The day of atonement was a solemn day of judgment for the children of Israel. This suggests that Revelation chapters 4 and 5, with its sanctuary scene and open door, is the beginning of the judgment that was symbolized by the Day of Atonement.
Some commentators have insisted that the Seven Seals cannot be about judgment or the Day of Atonement because the word judgment never appears in this section.
However, we should keep in mind that the Old Testament passages that describe the day of Atonement, Leviticus chapters 16 and 23, do not have the word judgment either, even though the concept of judgment is very clear. Likewise, the symbols and old Testament links show clearly that this section portrays judgment, even though the word judgment is not used.
In the next video we will examine more closely the other participants in this scene, but for now, we will take a brief look as we seek to establish the context of the Seven Seals.
“Around [God’s] throne were twenty-four thrones, and on the thrones, I saw twenty-four elders sitting” (Revelation 4:4). We will see that these elders sitting on their thrones are most likely representatives of the human race.
It is intriguing to compare Revelation 20:4 where John also saw human representatives sitting on thrones in heaven: “And I saw thrones, and they sat on them, and judgment was committed to them” (Revelation 20:4).
Here we see that whatever the judgment is, human representatives will be involved and they will sit on thrones, just like the 24 elders. This reality underlines the teaching of the Apostle Paul: “Don’t you realize that someday we believers will judge the world? (1 Corinthians 6:2)
The four living creatures are also major participants in this scene. “Before the throne there was a sea of glass, like crystal. And in the midst of the throne, and around the throne, were four living creatures full of eyes in front and in the back” (Revelation 4:6).
We studied these creatures in Revelation of Jesus 1, Introduction. We saw that identical living creatures around God’s throne were present in Ezekiel chapters 1-11, when God visited Jerusalem to judge the people who lived there.
There is even more evidence that we could present, but what we have looked at in this video is more than enough to conclusively demonstrate that Revelation chapters 4 and 5, which introduce the Seven Seals, have to do with judgment. If you find this disturbing, you are not alone.
From a human standpoint, there is something awesome and even frightening about judgment. We are judged in a human court when someone has accused us of a crime, and even when we are innocent there is always the fear that a perversion of justice will prevail and we will be found guilty.
In this life, we make every effort to avoid having to go to court, but there is no avoiding God’s judgment: “For all of us must appear before the judgment seat of Christ, so that each may receive recompense for what has been done in the body, whether good or evil” (2 Cor. 5:10).
However, God’s judgment is fundamentally unlike a human trial. First of all, God is altogether righteous and holy; with Him, there are no mistakes, no bias, and no perversion of justice. And in fact, when we consider God’s judgment, it is actually Jesus who judges us, and He loved us so much that He died so that we can live. He Himself said, “The Father judges no one, but has committed all judgment to the Son” (John 5:22).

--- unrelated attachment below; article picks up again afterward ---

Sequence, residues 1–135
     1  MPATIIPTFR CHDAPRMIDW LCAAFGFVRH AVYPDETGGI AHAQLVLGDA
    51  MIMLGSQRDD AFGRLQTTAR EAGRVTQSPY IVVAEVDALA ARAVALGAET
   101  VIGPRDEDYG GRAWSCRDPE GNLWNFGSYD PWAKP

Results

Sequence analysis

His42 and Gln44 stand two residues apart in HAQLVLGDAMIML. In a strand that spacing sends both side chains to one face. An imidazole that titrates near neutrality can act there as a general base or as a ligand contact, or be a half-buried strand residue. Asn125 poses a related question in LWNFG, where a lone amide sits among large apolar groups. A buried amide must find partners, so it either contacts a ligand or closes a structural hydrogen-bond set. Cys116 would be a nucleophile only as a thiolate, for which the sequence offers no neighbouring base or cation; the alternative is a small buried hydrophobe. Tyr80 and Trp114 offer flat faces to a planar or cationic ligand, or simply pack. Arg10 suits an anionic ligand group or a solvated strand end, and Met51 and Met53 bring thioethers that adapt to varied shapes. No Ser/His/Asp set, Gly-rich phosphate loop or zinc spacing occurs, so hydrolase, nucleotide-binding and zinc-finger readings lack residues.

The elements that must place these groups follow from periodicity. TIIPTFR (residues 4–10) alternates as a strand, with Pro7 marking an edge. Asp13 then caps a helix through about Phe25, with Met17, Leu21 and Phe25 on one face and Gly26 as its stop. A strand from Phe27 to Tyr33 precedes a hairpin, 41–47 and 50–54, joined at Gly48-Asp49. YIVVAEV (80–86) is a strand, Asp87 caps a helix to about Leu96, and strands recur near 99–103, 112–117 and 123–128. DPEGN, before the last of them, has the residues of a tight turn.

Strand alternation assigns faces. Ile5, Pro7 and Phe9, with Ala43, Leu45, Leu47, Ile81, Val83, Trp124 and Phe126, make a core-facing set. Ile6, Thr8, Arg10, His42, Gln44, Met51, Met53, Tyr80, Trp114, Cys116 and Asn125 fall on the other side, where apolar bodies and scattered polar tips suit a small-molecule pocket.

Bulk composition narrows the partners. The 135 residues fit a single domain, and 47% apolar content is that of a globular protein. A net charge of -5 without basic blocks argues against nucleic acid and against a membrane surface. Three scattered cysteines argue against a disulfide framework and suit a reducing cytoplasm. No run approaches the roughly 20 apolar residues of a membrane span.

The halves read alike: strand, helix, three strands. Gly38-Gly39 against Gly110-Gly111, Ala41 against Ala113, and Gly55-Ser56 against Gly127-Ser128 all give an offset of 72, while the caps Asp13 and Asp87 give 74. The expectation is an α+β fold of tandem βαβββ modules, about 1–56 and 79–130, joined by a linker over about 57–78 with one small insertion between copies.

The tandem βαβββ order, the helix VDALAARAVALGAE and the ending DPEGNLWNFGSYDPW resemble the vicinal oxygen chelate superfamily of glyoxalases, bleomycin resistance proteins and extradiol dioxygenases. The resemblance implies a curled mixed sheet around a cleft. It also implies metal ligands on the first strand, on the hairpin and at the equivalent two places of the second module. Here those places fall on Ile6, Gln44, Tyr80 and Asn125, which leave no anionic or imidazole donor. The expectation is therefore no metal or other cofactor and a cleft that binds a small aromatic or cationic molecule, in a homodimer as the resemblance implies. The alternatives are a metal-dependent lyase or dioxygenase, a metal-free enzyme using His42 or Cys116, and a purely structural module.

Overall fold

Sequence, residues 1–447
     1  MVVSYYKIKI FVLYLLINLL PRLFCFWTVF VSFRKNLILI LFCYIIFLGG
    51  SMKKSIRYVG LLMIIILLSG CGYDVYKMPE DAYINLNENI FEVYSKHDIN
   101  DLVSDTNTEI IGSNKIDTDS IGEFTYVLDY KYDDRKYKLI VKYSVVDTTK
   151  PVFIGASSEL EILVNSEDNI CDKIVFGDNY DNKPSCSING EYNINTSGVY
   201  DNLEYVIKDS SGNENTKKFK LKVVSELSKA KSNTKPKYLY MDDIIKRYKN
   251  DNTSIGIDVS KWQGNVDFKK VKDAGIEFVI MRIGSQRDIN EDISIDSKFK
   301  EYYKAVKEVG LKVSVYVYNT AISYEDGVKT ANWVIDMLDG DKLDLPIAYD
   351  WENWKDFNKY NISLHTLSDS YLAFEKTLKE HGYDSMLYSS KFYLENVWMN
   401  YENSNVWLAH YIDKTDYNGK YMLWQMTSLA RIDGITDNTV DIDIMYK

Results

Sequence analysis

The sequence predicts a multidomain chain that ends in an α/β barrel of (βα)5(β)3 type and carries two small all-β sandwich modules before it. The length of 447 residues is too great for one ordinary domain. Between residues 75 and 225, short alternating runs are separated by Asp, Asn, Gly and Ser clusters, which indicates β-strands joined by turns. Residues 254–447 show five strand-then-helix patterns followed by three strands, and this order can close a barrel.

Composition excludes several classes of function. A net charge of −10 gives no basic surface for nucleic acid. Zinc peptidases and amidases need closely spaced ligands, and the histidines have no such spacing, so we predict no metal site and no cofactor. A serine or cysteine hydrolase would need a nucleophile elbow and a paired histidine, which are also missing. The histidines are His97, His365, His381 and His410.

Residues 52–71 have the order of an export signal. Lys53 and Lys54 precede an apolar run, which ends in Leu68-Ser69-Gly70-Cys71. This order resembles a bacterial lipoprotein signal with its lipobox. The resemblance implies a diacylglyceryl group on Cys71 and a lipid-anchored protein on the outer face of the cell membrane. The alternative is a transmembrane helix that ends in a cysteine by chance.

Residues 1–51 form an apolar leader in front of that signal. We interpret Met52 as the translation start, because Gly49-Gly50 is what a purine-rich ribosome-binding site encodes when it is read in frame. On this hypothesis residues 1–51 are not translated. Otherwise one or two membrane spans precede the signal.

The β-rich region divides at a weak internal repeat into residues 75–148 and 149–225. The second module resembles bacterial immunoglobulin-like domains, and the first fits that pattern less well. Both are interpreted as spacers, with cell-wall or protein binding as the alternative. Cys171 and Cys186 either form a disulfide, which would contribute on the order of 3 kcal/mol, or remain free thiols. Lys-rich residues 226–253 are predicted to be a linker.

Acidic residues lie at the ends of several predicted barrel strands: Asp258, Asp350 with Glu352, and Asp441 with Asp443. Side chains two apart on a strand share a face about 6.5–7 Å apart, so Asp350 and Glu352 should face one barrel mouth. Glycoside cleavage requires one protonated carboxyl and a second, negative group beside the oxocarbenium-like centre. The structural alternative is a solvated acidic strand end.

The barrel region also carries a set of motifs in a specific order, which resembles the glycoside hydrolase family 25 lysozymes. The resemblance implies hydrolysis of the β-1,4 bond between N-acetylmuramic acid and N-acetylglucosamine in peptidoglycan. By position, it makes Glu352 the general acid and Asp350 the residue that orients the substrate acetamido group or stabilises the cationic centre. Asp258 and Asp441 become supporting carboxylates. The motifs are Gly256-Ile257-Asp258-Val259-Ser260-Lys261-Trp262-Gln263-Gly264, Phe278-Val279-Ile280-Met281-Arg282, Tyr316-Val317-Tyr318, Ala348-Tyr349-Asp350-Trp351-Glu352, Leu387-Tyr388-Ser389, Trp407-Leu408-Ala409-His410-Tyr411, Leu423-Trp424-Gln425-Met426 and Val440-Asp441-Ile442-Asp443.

But that’s not to say that the Father is any less willing to save us from death: “For God so loved the world (which means each and every person who has ever lived) that He gave His only begotten Son, that whosoever believes in Him should not perish but have everlasting life” (John 3:16).
An even more basic difference is that God’s judgment is not designed to find out if people are guilty. In a human trial, the accused is considered to be innocent until proven guilty, and there is an investigation, examining the evidence to determine guilt or innocence. But God, who sees the heart and motives, declares in advance that “There is none righteous, no, not one” “For all have sinned and fall short of the glory of God” and “The wages of sin is death” (Romans 3:10, 23, 6:23).
Sin and death are the default.
Judgment is not needed to prove that people are guilty; it is designed to declare people righteous and qualified for eternal life.
“For God did not send His Son into the world to condemn the world, but that the world through Him might be saved” (John 3:16,17). When the prophet Daniel was shown a vision of the judgment, he saw that “The Ancient of Days came and pronounced judgment in favor of the saints of the Most High, and the time came when they possessed the kingdom” (Daniel 7:22).
When God declares people righteous and innocent it is not because they have managed to perform enough good deeds to outweigh their bad ones.
Although Daniel calls them saints who will possess the kingdom, the biblical meaning of saint is simply one who believes and trusts in God. “He who believes in Him is not condemned, but he who does not believe is condemned already because he has not believed in the name of the only begotten Son of God. And this is the condemnation, that the light has come into the world, and men loved darkness rather than light” (John 3:18,19).
God does not need a judgment in order to gather more evidence. He already knows who believes and trusts in Him. Comparing it to a human trial, the jury consists of the “many angels around the throne, the [four] living creatures, and the  elders” (Revelation 5:11). They are the ones who have to be convinced that the sinners that Jesus claims as believers in Him, are safe to be included in the eternal family.
This is why there are many verses that say that we are saved by faith but judged by our works.
Jesus knows what is really going on in the hearts of those who profess to believe in Him. The jury of heavenly inhabitants, on the other hand, only knows what people say and do; in the judgment, they look for evidence that obvious sinners actually do believe in God.
They want to be sure that when they are transferred out of the corrupt environment of this world into the pure and holy atmosphere of the eternal kingdom, they will consistently and eternally follow God and not slip back into the ways of sin and death.
In the simplest terms, the judgment takes place to assure the inhabitants of the heavenly kingdom that “There shall by no means enter into it anything that defiles, or causes an abomination or a lie, but only those who are written in the Lamb’s Book of Life” (Revelation 21:27).
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And to find out in advance where this is all going, you can order the book A Revelation of Jesus by David Lackey, available from online bookstores.